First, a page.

Paul Yoon on James Salter’s A Sport and a Pastime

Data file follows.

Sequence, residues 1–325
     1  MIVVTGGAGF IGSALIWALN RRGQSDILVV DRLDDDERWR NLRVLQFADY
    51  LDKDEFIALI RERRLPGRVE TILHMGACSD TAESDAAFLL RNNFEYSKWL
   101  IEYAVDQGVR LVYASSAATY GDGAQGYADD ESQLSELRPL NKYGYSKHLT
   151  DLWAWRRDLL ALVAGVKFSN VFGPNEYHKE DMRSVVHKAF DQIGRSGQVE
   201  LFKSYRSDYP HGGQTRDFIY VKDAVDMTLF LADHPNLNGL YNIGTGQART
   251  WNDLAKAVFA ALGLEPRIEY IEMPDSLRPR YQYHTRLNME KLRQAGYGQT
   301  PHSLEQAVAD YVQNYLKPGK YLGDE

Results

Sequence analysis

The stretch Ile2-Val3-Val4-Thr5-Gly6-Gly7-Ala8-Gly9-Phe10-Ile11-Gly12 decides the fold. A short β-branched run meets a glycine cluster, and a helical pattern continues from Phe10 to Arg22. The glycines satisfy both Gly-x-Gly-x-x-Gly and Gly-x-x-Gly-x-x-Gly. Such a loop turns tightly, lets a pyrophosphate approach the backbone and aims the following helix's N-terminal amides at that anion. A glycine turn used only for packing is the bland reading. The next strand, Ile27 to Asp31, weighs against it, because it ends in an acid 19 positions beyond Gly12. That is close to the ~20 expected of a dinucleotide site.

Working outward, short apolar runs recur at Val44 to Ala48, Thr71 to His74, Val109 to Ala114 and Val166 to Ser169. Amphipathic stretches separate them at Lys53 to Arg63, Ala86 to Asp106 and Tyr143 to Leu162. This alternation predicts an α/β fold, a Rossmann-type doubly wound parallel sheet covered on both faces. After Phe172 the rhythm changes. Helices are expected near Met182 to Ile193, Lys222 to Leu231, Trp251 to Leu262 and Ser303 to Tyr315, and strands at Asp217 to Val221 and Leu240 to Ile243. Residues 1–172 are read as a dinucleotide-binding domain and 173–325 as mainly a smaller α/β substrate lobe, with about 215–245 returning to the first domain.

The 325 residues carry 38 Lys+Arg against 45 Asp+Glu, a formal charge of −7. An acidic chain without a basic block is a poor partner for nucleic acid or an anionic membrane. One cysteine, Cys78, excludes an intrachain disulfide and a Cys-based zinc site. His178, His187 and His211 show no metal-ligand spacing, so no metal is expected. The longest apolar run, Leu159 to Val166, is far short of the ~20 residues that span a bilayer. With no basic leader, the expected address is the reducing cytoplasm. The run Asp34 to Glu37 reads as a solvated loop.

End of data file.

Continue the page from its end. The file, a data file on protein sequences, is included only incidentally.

September. It seems these luminous days will never end. I first encountered those lines over ten years ago in New York City. I was living near the United Nations building. It was late evening. I was on the fifth floor of a high-rise and through my windows I could see the sky’s reflection against other windows. I felt lucky to be able to see the image of the sky from my apartment. I felt lucky to be in New York. I believed I had figured things out. Which is to say I was young. I could count the amount of friends I had on one hand and I was happy about that. I enjoyed being alone. I preferred the company of imagination. It was what, in the end, seduced me, more than any person during that time. And for a few nights, what lived with me was the narrative of Phillip Dean and Anne-Marie Costallat, in faraway France, in a world so very different than mine; and yet their story felt, page by page, more alive, more vast, more sensual and more true than my life could ever feel or become. And rather than being depressed by this, I was elated. Joyful. Celebratory. I paced my apartment. I looked out the window at other windows. I went to work and came back and returned to the pages.